Solar radiation was above normal in 2020 with an abundance of clear skies. The strongest low pressure systems were in March, April, October, and December. Winds were generally higher as well. Numbers are not yet final for 2020 but there were over 50 tornadoes reported in Minnesota during the year, nearly twice the annual average.

Weather Potpourri:

The Minnesota Climate Adaptation Partnership (MCAP) has announced that the Annual Statewide Conference will take place via Zoom on January 20, 2021 from 9:00 am to 12:15pm. This conference which is all about sharing climate adaptation research, knowledge, and practice is always a highlight of the year for me. I will be presenting the awards again this year. If you are interested in registering please check out the information on the web site.

The AGU-EOS Bulletin this week features an interesting article by Lucas Vargas Zeppetello of the University of Washington, Seattle. He recently received his Ph.D, and published a paper on his climate research which was misused by climate skeptics to argue against climate change evidence. It is a very good read about how scientists need to be more vocal on the interpretation of their research.

MPR listener question:

What do you think the climate signature of January 2021 will look like for Minnesota?


This is a difficult one to generalize about. Models diverge on expected patterns for January, but most suggest that the first 2-3 weeks of the month will be warmer than normal and drier than normal. Then the last ten days will bring more snow, and some episodes of colder than normal air. Overall, I would guess it will be warmer than normal for the month (a strong long-term trend shows this as well) and perhaps about normal or perhaps a little bit above normal on snowfall.

Twin Cities Almanac for January 1st:

The average MSP high temperature for this date is 24 degrees F (plus or minus 13 degrees F standard deviation), while the average low is 8 degrees F (plus or minus 14 degrees F standard deviation).

MSP Local Records for January 1st:

MSP records for this date include: highest daily maximum temperature of 48 degrees F in 1897; lowest daily maximum temperature of -12 degrees F in 1974; lowest daily minimum temperature of -30 degrees F in 1974; highest daily minimum temperature of 42 degrees F in 1897; record precipitation of 0.47 inches in 1891. Record snowfall is 4.0 inches in 1914.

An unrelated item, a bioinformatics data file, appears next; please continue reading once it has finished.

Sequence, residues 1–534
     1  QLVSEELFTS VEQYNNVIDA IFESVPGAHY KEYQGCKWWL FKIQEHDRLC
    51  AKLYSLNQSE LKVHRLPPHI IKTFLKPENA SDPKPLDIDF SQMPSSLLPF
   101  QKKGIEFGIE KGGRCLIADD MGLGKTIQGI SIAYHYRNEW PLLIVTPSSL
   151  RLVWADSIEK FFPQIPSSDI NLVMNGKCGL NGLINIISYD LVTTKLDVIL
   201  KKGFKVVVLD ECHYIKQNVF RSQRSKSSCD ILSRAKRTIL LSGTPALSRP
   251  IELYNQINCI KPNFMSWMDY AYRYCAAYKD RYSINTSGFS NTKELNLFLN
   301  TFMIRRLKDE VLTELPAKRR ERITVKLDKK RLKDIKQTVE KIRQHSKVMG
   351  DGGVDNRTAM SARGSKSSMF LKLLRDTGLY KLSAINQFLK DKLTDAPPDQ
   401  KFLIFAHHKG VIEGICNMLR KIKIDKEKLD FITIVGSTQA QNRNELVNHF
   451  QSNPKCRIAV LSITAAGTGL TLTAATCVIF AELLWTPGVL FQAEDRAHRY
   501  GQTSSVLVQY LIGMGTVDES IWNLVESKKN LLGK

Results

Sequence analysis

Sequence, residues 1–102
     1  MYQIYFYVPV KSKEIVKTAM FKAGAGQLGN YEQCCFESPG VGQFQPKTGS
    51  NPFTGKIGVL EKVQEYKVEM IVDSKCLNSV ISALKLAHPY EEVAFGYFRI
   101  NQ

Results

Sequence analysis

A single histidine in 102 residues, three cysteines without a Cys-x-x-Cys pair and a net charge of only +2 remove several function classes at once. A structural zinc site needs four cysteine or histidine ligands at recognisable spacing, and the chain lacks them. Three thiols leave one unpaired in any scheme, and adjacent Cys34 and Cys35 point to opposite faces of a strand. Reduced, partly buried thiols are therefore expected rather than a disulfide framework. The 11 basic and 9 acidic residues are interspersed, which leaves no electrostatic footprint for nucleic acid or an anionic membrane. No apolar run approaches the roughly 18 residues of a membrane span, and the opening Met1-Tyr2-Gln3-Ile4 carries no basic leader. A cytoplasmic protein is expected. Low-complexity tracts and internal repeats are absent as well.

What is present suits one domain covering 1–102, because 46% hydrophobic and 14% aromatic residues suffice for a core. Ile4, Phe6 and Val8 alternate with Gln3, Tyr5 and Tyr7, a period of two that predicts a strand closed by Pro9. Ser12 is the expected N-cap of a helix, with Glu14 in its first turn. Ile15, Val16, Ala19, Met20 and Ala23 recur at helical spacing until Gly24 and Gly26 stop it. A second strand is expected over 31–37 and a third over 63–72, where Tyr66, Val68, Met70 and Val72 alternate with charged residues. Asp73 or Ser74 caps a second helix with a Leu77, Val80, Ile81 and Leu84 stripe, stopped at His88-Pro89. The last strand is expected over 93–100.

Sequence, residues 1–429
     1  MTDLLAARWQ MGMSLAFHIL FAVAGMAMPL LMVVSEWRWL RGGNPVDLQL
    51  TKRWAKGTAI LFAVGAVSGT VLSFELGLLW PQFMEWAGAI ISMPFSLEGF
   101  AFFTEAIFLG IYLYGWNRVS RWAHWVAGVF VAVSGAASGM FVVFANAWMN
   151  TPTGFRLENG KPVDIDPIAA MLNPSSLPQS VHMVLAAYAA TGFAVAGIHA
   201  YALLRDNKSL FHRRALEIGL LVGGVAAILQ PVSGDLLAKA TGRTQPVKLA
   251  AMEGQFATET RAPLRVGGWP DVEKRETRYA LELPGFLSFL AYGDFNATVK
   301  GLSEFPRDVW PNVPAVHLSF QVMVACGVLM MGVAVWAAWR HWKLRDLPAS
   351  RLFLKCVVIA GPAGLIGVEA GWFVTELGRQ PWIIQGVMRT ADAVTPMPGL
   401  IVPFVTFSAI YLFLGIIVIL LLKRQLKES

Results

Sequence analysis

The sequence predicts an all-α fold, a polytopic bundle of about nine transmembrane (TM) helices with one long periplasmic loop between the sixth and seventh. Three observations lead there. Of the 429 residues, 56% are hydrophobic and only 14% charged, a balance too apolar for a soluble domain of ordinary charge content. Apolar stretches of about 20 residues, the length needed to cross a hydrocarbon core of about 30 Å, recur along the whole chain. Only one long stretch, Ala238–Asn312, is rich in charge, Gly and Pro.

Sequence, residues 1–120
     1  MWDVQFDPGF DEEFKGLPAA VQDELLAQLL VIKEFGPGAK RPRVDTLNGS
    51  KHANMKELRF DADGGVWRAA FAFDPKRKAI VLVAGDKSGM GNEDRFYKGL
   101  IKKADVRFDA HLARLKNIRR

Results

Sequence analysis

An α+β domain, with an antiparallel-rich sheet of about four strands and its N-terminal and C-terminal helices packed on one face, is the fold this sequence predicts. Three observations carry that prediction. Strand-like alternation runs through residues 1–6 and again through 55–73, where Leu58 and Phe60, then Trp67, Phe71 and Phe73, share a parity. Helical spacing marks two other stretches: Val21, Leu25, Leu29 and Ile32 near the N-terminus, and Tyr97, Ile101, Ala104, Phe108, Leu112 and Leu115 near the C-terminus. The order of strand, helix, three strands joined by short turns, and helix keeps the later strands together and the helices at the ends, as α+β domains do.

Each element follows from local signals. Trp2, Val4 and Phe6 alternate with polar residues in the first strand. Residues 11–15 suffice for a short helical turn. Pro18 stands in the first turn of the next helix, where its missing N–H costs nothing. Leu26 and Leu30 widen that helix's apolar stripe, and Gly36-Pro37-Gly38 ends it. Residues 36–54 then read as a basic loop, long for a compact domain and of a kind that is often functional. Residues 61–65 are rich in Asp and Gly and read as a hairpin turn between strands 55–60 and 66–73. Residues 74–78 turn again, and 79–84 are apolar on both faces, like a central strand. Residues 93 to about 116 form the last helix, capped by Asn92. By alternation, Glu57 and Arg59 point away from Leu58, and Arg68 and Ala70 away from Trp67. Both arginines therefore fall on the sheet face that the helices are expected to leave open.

Average dew point for January 1st is 8°F; the maximum dew point on this date is 36°F in 1950; and the minimum dew point on this date is -38 degrees F in 1974.

All-time state records for January 1st:

The state record high temperature for this date is 56 degrees F at Luverne (Rock County) in 1998. The state record low temperature for this date is -46 degrees F at St Vincent (Kittson County) in 1885. The state record precipitation for this date is 1.75 inches at Elk River (Sherburne County) in 2007. Record snowfall is 12.0 inches at Fairmont (Martin County) in 1911.

Past Weather Features:

The coldest New Year's Day in the upper Midwest, including the Twin Cities, was probably January 1, 1864. This predates the existence of the National Weather Service, so you won’t find this in official NOAA documents. Starting the night of December30, 1863 a blizzard and Arctic Cold Wave enveloped the Dakotas and Minnesota with snow squalls and strong northwesterly winds. The mercury plummeted over the next few days. The New Year's morning low in the Twin Cities was -37 degrees F, with overnight and early morning windchill readings of minus 50 F to minus 60 F. New Year’s afternoon highs only made it up to -25 degrees F in the Twin Cities and -16 degrees F in Chicago. The cold wave lasted through the first week of January, keeping the mercury below zero for a period of 226 consecutive hours in the Twin Cities.

January 1-2, 1911 brought a winter storm to southern Minnesota. Many climate stations reported 6-12 inches of snowfall. Fairmont and New Ulm ended up with over 20 inches of snowfall that month.


Mostly a dry period coming up with warmer than normal temperatures prevailing for Saturday through Thursday. There will be a chance for snow showers on Wednesday of next week but no major storms are in sight.